it'll lock up the diff and you get torque down to whichever side can use it. the clutch simply imparts a fixed amount of torque back to the other side. One big problem is that VC interferes with the operation of the ABS brakes. which forces them away from each other. it doesn't get better with speed either. liquid. which applies pressure to the clutch packs. As power is applied to the ring gear. Others. Again. Here there are a set of clutch plates attached to the inside of the housing just outside of each drive gear. and a set of clutch disks attached to the output shafts. have done it the other way around. With a passive clutch. and transmitted to the housing. while the ABS may need to brake one side (or end) of the car harder than the other. Note: there must also be some preload built in. When one side loses traction and the diff tries to spin that side. they start to push on the spider gear shaft which (depending on traction conditions) wedges itself toward the end of the opening between pressure rings. Without the differential and only the VC then power normally goes to only one end of the car and the other end just floats along with the VC absorbing any speed differences. Back this clutch pack with heavy springs that squeeze the plates between the clutch pads and so on. transferring torque to the front only when the rear tires slip. To the back of one drive gear is attached a set of metal clutch plates. You'll see these described with something like a 90/10 torque split because they design them to always slip a little bit even when driving straight so that the VC will activate quicker. You might be tempted to add bigger springs to make the clutch engage harder but then you'll end up with some of the same bad traits of a locking diff under low traction conditions when just driving around corners at normal speeds when one side will drag and the other spin. So this one is power sensitive. and then if you hit the gas. This system relies on there being some resistance to the applied power to cause the pinion gear (spider gear) shaft to wedge open the pressure rings. which locks both drive gears to the outside housing and under very high power the differential locks up nearly solid.axles equally. there won't be enough resistance to wedge the pinion shaft in place and it'll remain an open diff. The VC keeps the wheel speeds linked together. I'll just get this out of the way up front. form the wedge. Anyway. how do we get rid of all those fins. If you started with no static clutch pressure. If it's normally a front wheel drive car. for use in low traction conditions. As a result there's usually enough static load added to provide some constant torque split to both sides. The space between the pressure rings forms an opening that is wedge shaped. and down into the pressure rings. Hydraulic. and the front wheels start to spin. and the spider gear shafts themselves. as both drive gears turn at the same speed. nothing happens in normal conditions with equal traction. . then the pure VC starts transferring torque to the rear wheels. The biggest problem with all clutch systems is that they wear out over time. If anything it transfers less torque at higher differential speeds. like Porsche and Lamborghini. and Electronic): Most of the more popular LSD systems fall into this category. Progressive/Locking Clutch (Positraction or Salisbury type): This is probably the most common type of LSD. (dynamic versus static friction). The VC may cause a tire to slide while the ABS is trying to prevent it from sliding. Most VC AWD systems have some sort of disengage mechanism that takes the VC out of commission as soon as you step on the brakes. but also still inside the housing. Clutches (Passive. and weight from the VC? Passive Clutch: Let's try a passive clutch. There are two thick pressure rings which attach to the inside of the housing near the spider gear shafts. The pressure rings push outwards against the clutch packs. then under very low traction conditions (one side on ice). and to the outside housing are clutch pads.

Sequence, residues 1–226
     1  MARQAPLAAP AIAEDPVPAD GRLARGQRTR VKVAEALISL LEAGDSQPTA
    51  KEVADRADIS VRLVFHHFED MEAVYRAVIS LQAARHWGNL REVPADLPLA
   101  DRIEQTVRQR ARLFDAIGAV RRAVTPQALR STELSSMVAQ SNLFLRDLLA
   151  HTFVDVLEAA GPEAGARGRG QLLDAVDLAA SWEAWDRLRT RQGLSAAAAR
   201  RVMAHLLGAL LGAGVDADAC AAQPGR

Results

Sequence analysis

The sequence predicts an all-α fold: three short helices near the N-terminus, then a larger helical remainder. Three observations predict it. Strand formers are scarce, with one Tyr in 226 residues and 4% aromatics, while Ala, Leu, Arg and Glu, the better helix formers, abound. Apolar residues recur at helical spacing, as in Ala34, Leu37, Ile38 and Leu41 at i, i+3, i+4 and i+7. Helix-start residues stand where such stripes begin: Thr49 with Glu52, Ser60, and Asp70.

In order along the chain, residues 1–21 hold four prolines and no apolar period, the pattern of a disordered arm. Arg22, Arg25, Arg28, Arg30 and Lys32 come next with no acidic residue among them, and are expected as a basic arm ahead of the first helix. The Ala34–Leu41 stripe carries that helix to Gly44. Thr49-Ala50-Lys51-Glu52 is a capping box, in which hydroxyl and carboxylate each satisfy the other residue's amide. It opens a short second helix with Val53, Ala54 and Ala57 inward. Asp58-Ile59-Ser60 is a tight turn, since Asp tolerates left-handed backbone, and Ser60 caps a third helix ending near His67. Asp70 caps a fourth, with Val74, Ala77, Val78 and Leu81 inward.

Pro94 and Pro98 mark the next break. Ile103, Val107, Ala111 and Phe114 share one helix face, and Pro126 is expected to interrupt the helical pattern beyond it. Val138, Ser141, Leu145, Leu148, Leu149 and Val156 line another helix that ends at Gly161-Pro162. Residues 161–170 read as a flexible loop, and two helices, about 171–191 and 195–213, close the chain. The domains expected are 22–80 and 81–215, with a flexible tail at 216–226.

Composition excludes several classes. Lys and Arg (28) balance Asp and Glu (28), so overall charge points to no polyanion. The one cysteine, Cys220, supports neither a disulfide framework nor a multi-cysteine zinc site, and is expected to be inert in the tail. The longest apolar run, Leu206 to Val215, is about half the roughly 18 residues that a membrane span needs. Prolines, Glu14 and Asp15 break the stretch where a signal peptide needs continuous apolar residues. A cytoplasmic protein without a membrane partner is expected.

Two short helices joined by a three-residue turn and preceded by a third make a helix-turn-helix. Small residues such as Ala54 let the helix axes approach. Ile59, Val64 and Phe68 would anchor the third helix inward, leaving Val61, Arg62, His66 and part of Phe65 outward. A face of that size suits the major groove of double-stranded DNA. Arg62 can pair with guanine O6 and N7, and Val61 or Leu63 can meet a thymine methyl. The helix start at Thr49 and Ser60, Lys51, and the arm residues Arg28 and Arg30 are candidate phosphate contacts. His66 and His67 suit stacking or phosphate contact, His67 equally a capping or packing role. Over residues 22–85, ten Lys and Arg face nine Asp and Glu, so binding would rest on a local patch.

It monitored everything. You're holding onto the right output shaft while the input shaft turns. or simply to regulate the rate of the hydraulic pump in the previous system. but it's still very cheap to implement and has some reliability problems. to constantly shift the torque where required. We may still have the clutch wear problem. lateral acceleration. and wheel spin. but it's possible. As you can guess. Engage EDL. Now. It's the poor man's LSD.) This is an electronically regulated speed sensitive system using the two independent ABS channels. and then later at the rear diff dependent on wheel speed measurements taken from the ABS wheel speed sensors. You can lock the clutch up at any speed to transfer from 0% to 100% of the torque to the side that can use it most. Those bearings are at risk of increased wear along with the normal clutch wear. It's simple. The most complex system ever developed was that on the Porsche 959 which didn't even wait for wheel slip before transferring torque. In this configuration one can apply a large amount of pressure to the clutch pack inside the diff. or to run an electric hydraulic pump. but the hydraulics offer much quicker activation than the viscous coupling from above. Remember the spider gears only rotate when the drive gears are rotating at different speeds. The ultimate goal was to cure the rear engine RWD tendency to lift throttle overseer that the 911 suffered until 1993. as it can be very finely tuned. The pumps simply scavenge the oil from wherever they can inside the case and pump it into the actuators behind the clutch. this system is also speed sensitive as the hydraulic pump only works when one side is spinning faster than the other. The open differential immediately tries to balance the torque. throttle position.) Side Note: I should also mention the Centrifugal Clutch as it's like the hydraulic clutch. or a floating gear that spins at the same speed as the spiders but without carrying the load. Also the activation rate is basically fixed by the designers. it usually just uses an electronically activated hydraulic pump outside the housing but inside the transaxle (or differential case) that pumps oil to a hydraulic actuator that pushes against a sliding ring around one or both of the output shafts which ultimately reaches through holes into the clutch pack. EDL (often referred to as Electronic Traction Control. (remember the left shaft is spinning at 2X and the right is not moving at all). (They eventually fixed the overseer problem with simply a new rear suspension and fatter tires. Basically it's a simple hydraulic system as above. and they must usually apply pressure to the clutch pack in the differential via sliding bearings. The old Mercedes 4matic system used electronically activated hydraulic clutches first at the center diff. but put a hydraulic actuator behind it instead of the springs.. The nice thing about this system is that it's infinitely tunable. Now add a disc brake and rotor on the left input shaft. but speed sensitive and requires a lot of spin to make it engage. Start with an open differential and go back to Example 3. So electronic actuators may put inside to either directly drive the clutch. and the clutch pressure can be maintained with less speed differential.Simple Hydraulic Clutch: Put the same clutch pack in.. You will feel it trying to turn the right side immediately. You attach a small hydraulic pump to one or more of the spider gears. but it uses weights and mechanical linkage instead to engage the clutch when the housing spins fast. When the computer senses a speed imbalance between left and right. These systems are often fairly complex as they require a computer to keep track of it all. pumping oil into the innards of a rotating mechanism is possible (and I'm sure has been done) but is hard so instead it's often done in a clever fashion. The new 4motion system uses electronically activated hydraulic bypass valves.) This system is used by the VW GTI-VR6 (FWD) and Mercedes ML320 (AWD) and probably others. it simply applies the brakes to the left side output shaft. but the pressure can be regulated via electronically controlled valves. steering angle. (Some people dislike my characterization of it. yaw rate. and from I hear can be tuned via software to put the power anywhere. Alternately. If it can grab the left harder than you're holding the right (which it most . Electronic Clutch (or electronically activated hydraulic clutch): Getting electricity into the center of the diff isn't much easier than getting hydraulic fluid in.